Caroline Weber is an Associate Professor of French at Barnard and the author of The New York Times Notable Book, Queen of Fashion: What Marie Antoinette Wore to the Revolution. Her essays have appeared in a wide variety of academic and mainstream publications. She has published articles on eighteenth-century authors such as Rousseau, Voltaire, Diderot, Sade, Charrière, and La Chaussée, and on contemporary thinkers like Lacan and Lyotard. She writes regularly for The New York Times Book Review. Her new book is Proust’s Duchess: How Three Celebrated Women Captured the Imagination of Fin de Siecle Paris.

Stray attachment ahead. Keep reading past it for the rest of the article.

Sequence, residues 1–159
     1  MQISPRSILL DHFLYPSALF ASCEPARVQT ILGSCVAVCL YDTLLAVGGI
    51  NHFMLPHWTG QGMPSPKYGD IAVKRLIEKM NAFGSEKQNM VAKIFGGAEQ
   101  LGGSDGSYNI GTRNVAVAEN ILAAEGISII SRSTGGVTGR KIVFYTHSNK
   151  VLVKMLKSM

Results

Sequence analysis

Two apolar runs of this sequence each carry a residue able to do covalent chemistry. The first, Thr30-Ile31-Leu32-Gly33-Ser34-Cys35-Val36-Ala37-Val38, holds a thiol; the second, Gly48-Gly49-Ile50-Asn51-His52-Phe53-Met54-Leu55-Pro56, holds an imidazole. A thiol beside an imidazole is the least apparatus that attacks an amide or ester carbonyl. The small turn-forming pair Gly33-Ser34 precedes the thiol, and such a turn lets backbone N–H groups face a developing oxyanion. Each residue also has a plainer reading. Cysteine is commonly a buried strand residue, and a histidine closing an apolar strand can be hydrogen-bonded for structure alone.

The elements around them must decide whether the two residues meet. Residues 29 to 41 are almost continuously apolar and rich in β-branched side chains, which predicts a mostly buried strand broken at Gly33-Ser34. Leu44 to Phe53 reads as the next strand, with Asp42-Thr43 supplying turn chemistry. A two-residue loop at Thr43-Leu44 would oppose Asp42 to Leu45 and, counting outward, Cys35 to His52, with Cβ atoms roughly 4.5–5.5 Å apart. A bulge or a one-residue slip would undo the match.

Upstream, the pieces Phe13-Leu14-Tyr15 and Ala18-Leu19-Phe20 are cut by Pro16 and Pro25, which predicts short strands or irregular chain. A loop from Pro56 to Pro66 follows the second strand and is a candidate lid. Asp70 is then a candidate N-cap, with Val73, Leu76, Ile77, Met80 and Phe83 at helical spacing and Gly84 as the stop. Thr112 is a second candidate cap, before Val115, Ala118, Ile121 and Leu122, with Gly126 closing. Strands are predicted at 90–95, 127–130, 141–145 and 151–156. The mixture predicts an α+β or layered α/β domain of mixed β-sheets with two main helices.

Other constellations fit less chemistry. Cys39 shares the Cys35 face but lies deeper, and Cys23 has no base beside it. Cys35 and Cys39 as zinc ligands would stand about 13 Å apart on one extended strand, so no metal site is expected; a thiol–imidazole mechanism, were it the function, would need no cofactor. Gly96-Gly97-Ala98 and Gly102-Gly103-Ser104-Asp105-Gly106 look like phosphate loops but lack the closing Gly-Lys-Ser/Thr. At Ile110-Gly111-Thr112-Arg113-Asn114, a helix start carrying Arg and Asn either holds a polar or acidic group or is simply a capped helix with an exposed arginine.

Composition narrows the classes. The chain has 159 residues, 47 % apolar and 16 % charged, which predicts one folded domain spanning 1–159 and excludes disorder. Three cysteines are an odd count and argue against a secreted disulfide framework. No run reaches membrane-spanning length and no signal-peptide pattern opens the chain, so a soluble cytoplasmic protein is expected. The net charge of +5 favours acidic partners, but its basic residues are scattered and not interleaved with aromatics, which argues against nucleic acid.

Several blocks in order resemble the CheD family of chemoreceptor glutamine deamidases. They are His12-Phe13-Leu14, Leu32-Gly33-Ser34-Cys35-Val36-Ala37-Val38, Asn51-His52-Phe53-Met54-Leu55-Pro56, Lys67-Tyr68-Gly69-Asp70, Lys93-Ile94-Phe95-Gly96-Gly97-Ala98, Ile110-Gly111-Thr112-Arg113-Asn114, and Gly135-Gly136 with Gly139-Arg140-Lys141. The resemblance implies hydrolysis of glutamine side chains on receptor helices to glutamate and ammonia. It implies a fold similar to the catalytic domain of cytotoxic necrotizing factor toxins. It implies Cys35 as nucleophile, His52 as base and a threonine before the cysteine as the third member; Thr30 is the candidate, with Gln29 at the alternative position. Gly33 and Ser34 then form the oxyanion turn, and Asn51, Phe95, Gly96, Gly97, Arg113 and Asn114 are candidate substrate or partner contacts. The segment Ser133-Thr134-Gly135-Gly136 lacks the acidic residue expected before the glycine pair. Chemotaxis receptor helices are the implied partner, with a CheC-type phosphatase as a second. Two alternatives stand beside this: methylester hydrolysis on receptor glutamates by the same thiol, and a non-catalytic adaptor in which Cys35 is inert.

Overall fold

In her own words: “After my long years of absorption in the world that inspired IN SEARCH OF LOST TIME, I am probably best described as “Proust without the genius.” By which I mean that as a writer, under Proust’s creeping influence, I have developed the following traits: a maximalist taste for minute narrative detail & long, sinuous sentences; a fascination, by turns ironic, voyeuristic, & begrudgingly admiring, with the late 19th-c. French aristocracy; & an inability to conclude my tale in just one volume. (Originally PROUST’S DUCHESS was supposed to cover a 50-year period; in its completed form, it begins in 1891 & ends just 3 years later. Luckily Knopf is letting me write a sequel, but they have already warned me that 2 volumes is the most I can hope for. Proust did 7 but, again, he was a genius, & I know my limits.)”
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